That’s an interesting question, because it’s become part and parcel to my process to offer static and animated pieces for people. I’ve always been interested in illustration and animation. And now digital/social media worlds allow for both, so why not explore both? In essence, my animation and illustration style are the same. That’s because I taught myself how to animate by bringing my existing drawings to life. Later I began drawing directly into the computer and now will bounce between starting points (animation or illustration) depending on what style led someone to me.

I love to see what can happen when experimenting with a combination of the two mediums. For example, for the NOTW posters I first drew the elements, then put them into the computer and moved to composition and typography. Once everything had been made and laid out, I started thinking about what could be done with all the elements. I kept pushing a style I’d previously been exploring and something fell out of that which became an interesting extension of the static posters. And on the previous project I did it the complete other way, creating a gif or animation and then using that to fill out static stuff like posters.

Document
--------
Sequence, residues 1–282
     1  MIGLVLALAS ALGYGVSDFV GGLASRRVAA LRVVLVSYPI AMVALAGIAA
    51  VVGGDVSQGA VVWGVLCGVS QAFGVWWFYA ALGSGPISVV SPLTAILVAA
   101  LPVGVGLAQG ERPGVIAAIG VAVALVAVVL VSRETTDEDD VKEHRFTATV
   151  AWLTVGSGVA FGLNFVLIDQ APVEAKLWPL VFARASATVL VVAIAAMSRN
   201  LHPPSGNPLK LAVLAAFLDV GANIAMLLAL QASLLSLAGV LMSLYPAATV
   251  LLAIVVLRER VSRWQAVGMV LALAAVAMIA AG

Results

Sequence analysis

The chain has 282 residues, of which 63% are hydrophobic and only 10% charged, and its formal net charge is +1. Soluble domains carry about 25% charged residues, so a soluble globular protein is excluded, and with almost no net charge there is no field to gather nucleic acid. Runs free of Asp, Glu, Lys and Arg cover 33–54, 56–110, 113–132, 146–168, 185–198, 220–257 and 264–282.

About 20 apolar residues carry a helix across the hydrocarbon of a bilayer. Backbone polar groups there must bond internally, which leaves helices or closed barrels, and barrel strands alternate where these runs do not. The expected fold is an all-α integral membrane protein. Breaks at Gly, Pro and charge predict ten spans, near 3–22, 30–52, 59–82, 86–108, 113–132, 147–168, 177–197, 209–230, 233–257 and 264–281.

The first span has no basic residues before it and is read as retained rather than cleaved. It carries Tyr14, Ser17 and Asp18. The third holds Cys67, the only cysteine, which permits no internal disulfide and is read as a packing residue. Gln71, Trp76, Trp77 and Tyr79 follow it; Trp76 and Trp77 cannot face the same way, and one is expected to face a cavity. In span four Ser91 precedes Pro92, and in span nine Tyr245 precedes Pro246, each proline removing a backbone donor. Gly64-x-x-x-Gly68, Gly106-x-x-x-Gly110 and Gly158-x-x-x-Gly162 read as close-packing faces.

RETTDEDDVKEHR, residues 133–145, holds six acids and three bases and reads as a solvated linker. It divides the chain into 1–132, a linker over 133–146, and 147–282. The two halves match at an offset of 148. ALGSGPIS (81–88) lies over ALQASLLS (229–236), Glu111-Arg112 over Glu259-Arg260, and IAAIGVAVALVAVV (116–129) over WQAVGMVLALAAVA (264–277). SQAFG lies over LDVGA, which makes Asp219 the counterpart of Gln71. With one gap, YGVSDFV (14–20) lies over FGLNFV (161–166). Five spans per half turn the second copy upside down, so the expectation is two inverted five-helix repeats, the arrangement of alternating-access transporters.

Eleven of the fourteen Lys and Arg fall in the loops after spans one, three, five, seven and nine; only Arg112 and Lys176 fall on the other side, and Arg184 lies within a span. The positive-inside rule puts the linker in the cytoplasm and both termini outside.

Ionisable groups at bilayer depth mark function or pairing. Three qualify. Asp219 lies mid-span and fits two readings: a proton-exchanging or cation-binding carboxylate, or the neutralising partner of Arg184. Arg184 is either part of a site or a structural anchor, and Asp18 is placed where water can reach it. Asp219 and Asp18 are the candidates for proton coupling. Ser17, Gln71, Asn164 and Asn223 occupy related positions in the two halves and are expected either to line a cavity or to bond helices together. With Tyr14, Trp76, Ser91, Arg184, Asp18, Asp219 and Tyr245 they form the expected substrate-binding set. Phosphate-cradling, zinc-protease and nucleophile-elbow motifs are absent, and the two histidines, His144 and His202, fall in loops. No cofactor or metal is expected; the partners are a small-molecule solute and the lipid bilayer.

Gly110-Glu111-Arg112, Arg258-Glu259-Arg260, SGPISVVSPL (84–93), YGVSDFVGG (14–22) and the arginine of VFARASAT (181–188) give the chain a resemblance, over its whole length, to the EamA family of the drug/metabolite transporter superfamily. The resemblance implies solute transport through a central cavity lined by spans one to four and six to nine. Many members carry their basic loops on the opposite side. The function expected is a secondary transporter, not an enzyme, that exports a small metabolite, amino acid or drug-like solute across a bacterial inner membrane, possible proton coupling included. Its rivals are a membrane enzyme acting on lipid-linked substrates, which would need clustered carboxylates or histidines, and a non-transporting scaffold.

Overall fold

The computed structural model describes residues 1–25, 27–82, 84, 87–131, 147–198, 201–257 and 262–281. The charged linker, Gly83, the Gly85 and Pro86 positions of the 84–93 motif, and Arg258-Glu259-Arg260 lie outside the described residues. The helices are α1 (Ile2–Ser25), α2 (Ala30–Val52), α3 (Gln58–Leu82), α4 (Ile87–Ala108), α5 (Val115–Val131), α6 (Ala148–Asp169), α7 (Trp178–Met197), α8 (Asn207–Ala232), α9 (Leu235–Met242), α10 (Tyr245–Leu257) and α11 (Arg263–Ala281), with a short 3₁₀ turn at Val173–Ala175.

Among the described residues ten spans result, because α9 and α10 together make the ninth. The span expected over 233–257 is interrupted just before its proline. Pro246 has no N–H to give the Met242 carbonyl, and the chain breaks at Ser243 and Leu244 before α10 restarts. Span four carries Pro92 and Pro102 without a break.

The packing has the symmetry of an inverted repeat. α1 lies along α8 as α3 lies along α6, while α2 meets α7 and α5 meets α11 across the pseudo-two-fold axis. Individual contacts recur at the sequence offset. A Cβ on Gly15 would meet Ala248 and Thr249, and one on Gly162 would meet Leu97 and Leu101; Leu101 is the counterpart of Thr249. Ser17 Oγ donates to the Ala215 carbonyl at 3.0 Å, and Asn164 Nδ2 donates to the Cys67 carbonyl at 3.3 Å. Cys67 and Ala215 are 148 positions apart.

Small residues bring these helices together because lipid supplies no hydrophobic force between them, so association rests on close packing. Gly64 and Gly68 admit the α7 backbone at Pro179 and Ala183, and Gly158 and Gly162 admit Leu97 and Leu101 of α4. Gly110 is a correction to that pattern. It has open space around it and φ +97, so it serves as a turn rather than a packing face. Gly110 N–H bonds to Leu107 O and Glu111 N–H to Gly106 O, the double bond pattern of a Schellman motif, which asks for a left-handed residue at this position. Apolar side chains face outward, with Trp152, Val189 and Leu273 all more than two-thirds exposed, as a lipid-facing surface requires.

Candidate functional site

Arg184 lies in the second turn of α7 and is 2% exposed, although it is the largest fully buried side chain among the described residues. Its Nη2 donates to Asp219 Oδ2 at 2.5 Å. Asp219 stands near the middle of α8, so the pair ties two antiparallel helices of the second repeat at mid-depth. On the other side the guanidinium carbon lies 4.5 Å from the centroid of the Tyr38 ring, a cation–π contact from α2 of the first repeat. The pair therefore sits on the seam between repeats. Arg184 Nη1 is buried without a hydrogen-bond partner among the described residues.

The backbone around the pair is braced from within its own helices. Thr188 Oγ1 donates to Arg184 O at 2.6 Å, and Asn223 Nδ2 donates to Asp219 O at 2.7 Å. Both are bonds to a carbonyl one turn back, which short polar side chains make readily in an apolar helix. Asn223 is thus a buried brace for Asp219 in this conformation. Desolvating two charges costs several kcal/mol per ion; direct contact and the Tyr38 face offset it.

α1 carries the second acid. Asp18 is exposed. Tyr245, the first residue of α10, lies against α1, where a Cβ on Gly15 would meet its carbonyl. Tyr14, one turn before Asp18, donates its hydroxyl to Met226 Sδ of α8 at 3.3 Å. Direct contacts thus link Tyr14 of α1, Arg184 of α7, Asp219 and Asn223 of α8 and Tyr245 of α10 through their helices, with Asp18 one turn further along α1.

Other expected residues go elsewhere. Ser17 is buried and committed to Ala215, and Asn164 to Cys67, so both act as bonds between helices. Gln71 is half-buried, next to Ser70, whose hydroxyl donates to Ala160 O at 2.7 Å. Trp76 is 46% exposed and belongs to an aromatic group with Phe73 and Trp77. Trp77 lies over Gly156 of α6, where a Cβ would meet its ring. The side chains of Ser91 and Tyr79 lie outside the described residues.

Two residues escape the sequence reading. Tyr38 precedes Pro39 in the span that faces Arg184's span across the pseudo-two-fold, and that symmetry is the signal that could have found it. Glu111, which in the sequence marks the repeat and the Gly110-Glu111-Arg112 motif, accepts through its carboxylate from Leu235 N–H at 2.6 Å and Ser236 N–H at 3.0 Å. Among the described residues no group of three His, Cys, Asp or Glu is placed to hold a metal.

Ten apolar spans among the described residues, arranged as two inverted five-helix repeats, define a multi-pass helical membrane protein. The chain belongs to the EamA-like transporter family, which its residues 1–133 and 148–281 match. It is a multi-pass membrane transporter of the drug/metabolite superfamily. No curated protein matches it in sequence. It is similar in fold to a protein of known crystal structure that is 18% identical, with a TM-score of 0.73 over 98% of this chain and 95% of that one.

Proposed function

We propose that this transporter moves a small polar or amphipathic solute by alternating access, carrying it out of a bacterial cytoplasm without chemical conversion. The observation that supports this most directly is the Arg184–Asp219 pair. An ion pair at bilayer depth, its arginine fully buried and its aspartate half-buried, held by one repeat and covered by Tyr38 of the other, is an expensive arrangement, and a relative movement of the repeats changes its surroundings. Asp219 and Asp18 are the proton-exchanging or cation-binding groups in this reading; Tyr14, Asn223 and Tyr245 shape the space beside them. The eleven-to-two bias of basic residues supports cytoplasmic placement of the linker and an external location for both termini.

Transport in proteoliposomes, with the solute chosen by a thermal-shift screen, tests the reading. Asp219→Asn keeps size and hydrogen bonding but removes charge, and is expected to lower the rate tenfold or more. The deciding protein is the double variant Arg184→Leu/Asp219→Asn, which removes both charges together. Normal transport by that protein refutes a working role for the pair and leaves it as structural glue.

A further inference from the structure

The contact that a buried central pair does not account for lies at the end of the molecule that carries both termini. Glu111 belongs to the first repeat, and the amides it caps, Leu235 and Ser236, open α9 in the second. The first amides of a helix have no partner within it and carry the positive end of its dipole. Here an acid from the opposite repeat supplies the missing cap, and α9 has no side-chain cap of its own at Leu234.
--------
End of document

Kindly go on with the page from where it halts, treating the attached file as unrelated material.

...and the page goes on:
What medium of work would you like to add onto what you already offer?

I don’t like to let my style stand still for too long, so I’ve managed to work with most mediums so far, but I’m really interested in animation with more of a storyline or narrative — like animated cartoons and comics. 3D animation is also something I’m interested in. It’s really blowing up, but it all looks the same. I’ve dabbled a bit, creating creatures or floating heads, but I want to spend more time on it to take it somewhere completely different. Oh, and VDJing — that’s something I thought that my animation style could really lend itself to. Illustration/animation that accompanies music is something I’ve done, but would love to do more of. And in a live setting would be hella exciting.